I believe I heard about it from several sources at about the same time. I’m subscribed to Ken Yu’s blog, as well as to Charles Tan’s and Joey Nacino’s (and now to Paolo Chikiamco’s ;-) )  so it must have been one of those.

Prior to that, had you ever written a secondary world story before?

Yes, “Twilight of the Magi”, a re-imagining of the Three Wise Men as battling wizards. That came out in the PGS Christmas Special. I didn’t consciously set out to write a secondary world story then, though; it just so happened mystical Egypt was the most logical setting. Only after the story came out did people tell me it qualified as a secondary world.

How long did it take you to write the story?

Around three or four days, on and off. I can really only write in the evenings.

That’s… mighty quick. Especially given you only write evenings. Is that your usual rate of writing? How many drafts do you usually go through?

Heh. Well, it was a short story. But yeah, that’s about my pace, once I get going. I go over my work a couple of times, but I don’t usually do major rewrites: if I really don’t have a feel for the story I’m writing, I usually drop it and start over again.

What aspect of the writing did you enjoy the most?

Thinking about the backstory of the characters and the tribe, a detail which never really made it into the final version.

Do you think you’ll ever revisit the world of “Rite of Passage” in another story?

Probably not, as it’s a one-off tale with a theme behind it. But who knows, maybe.

What aspect did you find most difficult?

Heh. The writing itself. Because it never really quite comes out the way you want it.

Were there any particular sources of inspiration for your story?

I like to think the inspiration comes from the rite of leaving home, a necessary part of adulthood, but heightened with the fear that you can never go back.

You’ve experienced the displacement that comes from leaving one home for another correct? Did that influence or enrich the writing in any particular way?

Yes, I’ve left home several times, whether for work or for studies. I always managed to come back, though, and that’s a good thing. But I sometimes wonder what happens if you can’t go back. So those are the emotions which made their way into that story.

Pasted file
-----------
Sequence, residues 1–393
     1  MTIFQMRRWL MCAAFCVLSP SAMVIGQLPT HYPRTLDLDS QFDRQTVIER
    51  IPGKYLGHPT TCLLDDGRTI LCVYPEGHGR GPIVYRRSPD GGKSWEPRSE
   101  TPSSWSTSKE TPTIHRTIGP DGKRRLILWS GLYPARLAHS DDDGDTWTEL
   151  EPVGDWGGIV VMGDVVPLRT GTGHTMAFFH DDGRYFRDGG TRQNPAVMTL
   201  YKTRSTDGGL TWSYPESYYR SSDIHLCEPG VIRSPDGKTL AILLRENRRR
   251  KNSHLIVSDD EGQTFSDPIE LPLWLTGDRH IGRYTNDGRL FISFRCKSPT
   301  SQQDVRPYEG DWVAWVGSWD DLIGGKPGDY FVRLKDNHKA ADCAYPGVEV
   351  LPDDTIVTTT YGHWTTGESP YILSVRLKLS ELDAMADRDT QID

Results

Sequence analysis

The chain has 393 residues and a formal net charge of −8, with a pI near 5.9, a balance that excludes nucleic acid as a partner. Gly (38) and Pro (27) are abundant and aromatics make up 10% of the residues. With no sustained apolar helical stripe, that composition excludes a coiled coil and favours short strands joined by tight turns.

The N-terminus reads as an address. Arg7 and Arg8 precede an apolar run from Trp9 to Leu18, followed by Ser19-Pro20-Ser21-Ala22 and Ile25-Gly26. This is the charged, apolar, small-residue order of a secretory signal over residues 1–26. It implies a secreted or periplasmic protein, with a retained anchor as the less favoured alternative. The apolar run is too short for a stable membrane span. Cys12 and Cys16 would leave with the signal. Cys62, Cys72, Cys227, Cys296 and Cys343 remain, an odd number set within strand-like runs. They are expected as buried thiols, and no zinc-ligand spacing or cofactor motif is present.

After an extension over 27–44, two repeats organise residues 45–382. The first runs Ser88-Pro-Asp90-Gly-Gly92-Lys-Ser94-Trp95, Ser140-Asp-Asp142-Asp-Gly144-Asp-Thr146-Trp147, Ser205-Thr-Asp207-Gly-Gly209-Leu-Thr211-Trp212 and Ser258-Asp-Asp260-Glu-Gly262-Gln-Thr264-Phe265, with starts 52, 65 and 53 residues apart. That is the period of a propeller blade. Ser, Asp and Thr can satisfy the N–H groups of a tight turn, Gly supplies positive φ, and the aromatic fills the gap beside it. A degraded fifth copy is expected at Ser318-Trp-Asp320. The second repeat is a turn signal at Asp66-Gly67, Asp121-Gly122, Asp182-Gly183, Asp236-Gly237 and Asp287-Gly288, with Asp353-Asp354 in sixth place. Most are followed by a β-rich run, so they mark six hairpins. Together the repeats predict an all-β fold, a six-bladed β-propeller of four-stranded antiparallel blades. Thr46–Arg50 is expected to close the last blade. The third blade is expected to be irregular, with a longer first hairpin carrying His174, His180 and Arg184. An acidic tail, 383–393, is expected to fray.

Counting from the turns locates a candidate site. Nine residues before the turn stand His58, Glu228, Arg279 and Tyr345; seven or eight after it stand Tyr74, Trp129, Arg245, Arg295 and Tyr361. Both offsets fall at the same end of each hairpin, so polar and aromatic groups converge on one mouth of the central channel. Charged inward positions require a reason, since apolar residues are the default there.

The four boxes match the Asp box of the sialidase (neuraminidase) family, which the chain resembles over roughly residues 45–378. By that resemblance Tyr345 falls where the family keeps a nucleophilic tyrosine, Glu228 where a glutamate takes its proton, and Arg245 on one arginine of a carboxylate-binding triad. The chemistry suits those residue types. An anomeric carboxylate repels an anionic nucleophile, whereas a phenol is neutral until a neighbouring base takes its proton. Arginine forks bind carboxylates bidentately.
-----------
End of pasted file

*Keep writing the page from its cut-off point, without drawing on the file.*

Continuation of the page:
Are you working on any new stories or projects now?

I have a domestic scifi story that’s three-quarters written. I’ve put it away for a while because I got caught up in other things. I really should finish it.

If you could write in a secondary world created by another (literary, television etc.), which world would that be? What kind of story would you write?

The worlds of Arthur Conan Doyle, Jules Verne, and H.G. Wells. There’s something terribly appealing about the 19th century optimism. But I’d like to write it away from the perspective of the white
superman.

Well those authors all have works in the public domain already if I remember correctly. Think you’ll ever give their worlds a shot?

I probably will.  With cameos by Crisostomo Ibarra and Pilosopo Tasyo. Hmmm… “Liga ng Mga Hindi Pangkaraniwang Ginoo.”

I’d read that! Well, as long as Juan Tamad isn’t a member. Where else can we find your work?

I have some stories lined up with Philippine Genre Stories, and I’ve had a few published with Philippine Graphic. I also have a story in Vin Simbulan’s “A Time for Dragons.”

On the Far Shore: Interview with Crystal Koo

Posted by Paolo Chikiamco On September - 16 - 2009

“On the Far Shore” is what I’m calling this series of interviews with the authors/editors of “The Farthest Shore” an anthology of secondary world fantasy from Filipino writers. The anthology is available here. Today we speak with Crystal Koo, author of  “Wildwater.”

Tell us a bit about your story “Wildwater”:

As far as theme goes, it’s about an emigre who returns to his homeland with an misdirected sense of responsibility and an inferiority complex regarding his own people which goes too far.

How did you hear about the Farthest Shore anthology?

I check on Dean Alfar and Joey Nacino’s blogs and they had posted calls for submissions.

Prior to that, had you ever written a secondary world story before?

Plenty of them. The first serious one I had written was way back in high school, in sword-and-sorcery, Middle-Earth fashion complete with mythologies and family trees and kingdoms that rose and fell; that was the only kind of fantasy I knew how to write then and I wrote those kinds of stories in a series. Since then I’ve been focusing on other kinds of fantasy writing as well but I still regularly write secondary-world stories, though I’ve moved away from the sword-and-sorcery genre.